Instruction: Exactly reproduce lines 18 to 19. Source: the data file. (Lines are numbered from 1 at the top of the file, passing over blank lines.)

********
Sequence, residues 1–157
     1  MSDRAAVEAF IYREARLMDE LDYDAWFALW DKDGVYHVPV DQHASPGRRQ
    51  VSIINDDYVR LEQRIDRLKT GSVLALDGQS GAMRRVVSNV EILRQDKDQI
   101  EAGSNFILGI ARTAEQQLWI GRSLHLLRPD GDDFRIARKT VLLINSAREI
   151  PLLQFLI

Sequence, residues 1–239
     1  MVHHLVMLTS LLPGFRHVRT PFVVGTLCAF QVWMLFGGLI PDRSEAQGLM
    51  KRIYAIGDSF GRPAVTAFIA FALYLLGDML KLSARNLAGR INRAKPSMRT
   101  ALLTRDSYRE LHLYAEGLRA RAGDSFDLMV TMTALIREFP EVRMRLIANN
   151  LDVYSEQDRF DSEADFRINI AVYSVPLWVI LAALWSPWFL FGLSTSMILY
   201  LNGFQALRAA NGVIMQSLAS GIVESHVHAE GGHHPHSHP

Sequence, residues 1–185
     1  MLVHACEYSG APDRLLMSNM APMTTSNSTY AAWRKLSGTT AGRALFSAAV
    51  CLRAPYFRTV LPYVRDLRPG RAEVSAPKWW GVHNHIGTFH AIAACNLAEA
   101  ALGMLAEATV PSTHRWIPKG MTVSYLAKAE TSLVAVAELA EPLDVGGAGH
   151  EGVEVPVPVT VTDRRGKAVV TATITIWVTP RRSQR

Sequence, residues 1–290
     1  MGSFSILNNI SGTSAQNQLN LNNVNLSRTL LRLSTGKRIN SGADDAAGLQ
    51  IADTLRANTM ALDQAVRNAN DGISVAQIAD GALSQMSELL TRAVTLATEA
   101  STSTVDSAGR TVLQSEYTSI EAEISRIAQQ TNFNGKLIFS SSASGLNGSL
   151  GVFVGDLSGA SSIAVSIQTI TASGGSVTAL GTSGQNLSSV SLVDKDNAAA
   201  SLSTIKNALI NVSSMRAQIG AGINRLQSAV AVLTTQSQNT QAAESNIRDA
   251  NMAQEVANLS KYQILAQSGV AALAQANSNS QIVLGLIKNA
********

     1  MGSFSILNNI SGTSAQNQLN LNNVNLSRTL LRLSTGKRIN SGADDAAGLQ
    51  IADTLRANTM ALDQAVRNAN DGISVAQIAD GALSQMSELL TRAVTLATEA